First, a disclaimer: If the @Home network isn’t available where you live, stop right here. Continuing to read could make you sick with envy. Go back to browsing the 56K modem ads, or dreaming about how much fun you’d have at 128K if you could only afford an ISDN line. But for the rest of you…
I’d been hearing about the wonders of the interconnected future for so many years that I was sick of it. Universal interconnectivity at super-high speeds, instant Internet access without dialup hassles, blah blah blah. Just around the corner – it’s always been "just around the corner." Tell me another one.
I turned that corner on July 25, 1997. Since then, I’ve enjoyed a 24-hour/7-day Internet connection that operates at throughputs between 500 Kbps and 2,000 Kbps – that’s 10 to 30 times faster than any conventional modem, or five to ten times as fast as that ISDN connection you were dreaming about. To put it in concrete terms, last week I downloaded a 5 MB file from a Web site in 21 seconds. That’s fast! In fact, it’s just about T1 speed (1.544 Mbps). Ever priced a T1 connection for your home? As the saying goes, if you have to ask, you can’t afford it. I know I can’t. Yet for all practical purposes, that’s what I have here.
How much am I paying for all this? Forty bucks a month. Included in that price is the round-the-clock, no-time-limits connection I described, plus a complete package of ISP services: email address, Web server space, and so forth. Installation was free, including a house call by two techs who set up all the hardware and software for me. The $40 price includes leasing the Motorola CyberSURFR cable modem and (if needed) an Ethernet card, so I didn’t have to buy any hardware. Most ISPs charge $19.95 a month. I get 20 times the speed for only twice the price.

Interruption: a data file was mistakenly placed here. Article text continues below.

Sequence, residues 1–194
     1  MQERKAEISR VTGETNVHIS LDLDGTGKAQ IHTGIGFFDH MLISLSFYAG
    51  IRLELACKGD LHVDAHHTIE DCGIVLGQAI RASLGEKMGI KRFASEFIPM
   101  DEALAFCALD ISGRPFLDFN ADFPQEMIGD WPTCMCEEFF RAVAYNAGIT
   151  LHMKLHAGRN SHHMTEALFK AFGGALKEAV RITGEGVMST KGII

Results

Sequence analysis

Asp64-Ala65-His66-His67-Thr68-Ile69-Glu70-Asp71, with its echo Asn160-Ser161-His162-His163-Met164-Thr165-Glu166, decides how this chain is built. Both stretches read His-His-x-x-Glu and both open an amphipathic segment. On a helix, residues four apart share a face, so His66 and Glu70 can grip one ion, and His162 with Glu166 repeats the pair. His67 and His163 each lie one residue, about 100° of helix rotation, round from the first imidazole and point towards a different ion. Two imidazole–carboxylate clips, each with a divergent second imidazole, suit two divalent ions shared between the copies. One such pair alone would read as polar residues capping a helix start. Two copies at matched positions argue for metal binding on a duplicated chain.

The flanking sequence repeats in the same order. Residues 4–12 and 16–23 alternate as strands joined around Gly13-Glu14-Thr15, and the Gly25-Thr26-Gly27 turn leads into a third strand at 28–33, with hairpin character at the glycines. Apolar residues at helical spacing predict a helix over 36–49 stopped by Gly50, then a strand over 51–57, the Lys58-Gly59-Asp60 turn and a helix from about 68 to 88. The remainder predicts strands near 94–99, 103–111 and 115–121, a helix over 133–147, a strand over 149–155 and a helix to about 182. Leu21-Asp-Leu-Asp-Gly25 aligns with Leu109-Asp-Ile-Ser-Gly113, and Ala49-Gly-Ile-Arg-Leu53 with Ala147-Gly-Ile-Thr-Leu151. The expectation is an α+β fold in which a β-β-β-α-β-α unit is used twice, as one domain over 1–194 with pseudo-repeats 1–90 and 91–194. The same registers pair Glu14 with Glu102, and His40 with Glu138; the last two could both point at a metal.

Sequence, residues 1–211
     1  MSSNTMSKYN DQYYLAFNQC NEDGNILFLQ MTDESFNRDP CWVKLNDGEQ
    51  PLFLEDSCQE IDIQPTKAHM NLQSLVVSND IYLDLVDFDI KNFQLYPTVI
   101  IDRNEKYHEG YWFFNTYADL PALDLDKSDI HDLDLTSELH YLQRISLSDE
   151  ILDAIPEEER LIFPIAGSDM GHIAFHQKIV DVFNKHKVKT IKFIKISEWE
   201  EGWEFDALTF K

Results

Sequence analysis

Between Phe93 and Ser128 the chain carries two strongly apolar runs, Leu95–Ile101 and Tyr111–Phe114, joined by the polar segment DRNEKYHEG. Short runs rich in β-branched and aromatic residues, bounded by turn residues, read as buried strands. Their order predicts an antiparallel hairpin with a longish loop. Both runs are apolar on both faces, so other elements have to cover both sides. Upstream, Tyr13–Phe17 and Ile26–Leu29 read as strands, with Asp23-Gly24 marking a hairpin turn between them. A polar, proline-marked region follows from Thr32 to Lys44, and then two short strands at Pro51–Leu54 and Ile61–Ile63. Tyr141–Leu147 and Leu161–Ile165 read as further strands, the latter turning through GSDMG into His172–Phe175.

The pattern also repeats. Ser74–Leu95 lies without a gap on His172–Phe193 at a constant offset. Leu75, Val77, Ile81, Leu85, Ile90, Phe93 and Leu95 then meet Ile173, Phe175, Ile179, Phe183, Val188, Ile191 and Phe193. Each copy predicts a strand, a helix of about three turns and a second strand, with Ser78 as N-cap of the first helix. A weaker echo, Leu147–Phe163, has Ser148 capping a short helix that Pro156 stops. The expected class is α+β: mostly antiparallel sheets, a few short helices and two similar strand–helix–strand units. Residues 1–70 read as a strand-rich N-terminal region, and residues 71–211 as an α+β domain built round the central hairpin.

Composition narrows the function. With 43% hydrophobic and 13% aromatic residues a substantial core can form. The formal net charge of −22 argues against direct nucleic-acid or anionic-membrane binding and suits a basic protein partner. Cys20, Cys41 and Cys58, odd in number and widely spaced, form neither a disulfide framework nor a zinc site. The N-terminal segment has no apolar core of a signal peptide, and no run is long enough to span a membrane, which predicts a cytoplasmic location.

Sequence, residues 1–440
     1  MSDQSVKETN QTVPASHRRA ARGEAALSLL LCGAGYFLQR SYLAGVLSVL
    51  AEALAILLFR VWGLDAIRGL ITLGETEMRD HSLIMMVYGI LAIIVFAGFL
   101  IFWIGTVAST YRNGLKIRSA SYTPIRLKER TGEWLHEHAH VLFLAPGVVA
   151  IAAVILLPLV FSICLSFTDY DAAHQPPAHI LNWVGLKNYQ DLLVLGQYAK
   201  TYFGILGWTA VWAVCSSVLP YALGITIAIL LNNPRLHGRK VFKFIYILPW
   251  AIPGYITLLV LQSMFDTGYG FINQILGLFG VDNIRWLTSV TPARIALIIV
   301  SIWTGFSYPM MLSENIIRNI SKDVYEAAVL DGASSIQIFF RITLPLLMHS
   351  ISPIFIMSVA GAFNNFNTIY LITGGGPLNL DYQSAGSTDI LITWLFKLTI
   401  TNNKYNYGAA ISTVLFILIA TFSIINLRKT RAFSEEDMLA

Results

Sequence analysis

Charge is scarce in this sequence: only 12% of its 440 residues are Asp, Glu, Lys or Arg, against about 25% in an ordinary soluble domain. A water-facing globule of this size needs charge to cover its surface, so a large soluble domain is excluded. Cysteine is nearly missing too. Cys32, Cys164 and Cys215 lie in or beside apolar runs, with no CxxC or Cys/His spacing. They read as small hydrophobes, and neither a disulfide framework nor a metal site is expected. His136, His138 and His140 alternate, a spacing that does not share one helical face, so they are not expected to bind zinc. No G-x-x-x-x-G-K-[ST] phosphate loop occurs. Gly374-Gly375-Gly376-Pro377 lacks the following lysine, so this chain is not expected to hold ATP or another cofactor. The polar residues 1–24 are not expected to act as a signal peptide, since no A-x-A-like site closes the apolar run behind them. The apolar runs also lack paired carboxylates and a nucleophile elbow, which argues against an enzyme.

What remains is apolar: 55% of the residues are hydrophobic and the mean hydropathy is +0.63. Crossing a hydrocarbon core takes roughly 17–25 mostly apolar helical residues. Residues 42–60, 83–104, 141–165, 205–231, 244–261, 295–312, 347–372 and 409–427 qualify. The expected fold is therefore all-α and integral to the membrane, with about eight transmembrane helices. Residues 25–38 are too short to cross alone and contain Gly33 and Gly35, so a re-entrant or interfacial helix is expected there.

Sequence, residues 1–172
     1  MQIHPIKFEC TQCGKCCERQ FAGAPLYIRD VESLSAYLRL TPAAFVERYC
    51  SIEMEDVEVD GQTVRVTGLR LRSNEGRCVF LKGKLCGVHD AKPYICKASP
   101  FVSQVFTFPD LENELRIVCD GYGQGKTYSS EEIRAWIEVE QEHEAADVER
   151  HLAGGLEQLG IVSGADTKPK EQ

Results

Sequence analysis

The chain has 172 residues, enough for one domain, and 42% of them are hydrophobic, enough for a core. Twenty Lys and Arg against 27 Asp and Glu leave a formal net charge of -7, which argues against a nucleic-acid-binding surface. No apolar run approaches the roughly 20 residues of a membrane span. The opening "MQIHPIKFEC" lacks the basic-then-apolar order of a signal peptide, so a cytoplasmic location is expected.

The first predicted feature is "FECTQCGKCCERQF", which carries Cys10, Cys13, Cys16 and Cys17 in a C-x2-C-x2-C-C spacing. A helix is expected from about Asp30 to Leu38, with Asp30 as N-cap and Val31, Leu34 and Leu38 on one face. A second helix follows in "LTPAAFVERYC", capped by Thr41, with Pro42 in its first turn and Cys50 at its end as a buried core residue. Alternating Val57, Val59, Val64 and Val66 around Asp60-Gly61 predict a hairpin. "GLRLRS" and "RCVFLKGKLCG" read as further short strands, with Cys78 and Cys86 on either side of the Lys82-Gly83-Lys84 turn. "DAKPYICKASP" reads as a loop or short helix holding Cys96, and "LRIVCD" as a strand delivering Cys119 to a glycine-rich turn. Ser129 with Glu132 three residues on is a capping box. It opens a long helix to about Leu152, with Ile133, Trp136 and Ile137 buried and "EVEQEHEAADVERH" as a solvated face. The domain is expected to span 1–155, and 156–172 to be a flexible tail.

The connection is live as soon as I turn on my computer – no dialing in or logging on, and no busy signals – and so far it has been almost 100 percent reliable in heavy daily use. Almost? A few months ago a drunken driver took out a utility pole up the road from here. We lost electricity, phone, and cable service for six hours, but I can’t blame @Home for that outage! Otherwise, it’s been rock-solid and fast as greased lightning around the clock, something I can’t say for any of the other ISPs I’ve tried over the years.
What Is @Home? @Home is a networking company owned by a consortium of cable TV providers: Cox, TCI, Comcast and a few others, plus Netscape. They use a 6 MHz slot – just one TV channel’s worth – in their cable spectrum to send digital data back and forth to subscribers who pay for the @Home service. (You don’t have to subscribe to cable TV to get @Home, but cable must be available in your area from one of the @Home partners.) The cable modem plugs into an Ethernet port on your Mac or PC, and you run a TCP/IP connection into the service.
You also get a fixed IP address (most ISPs assign you a different random IP address each time you dial in), which together with the fast round-the-clock connection makes running a server out of your home eminently possible.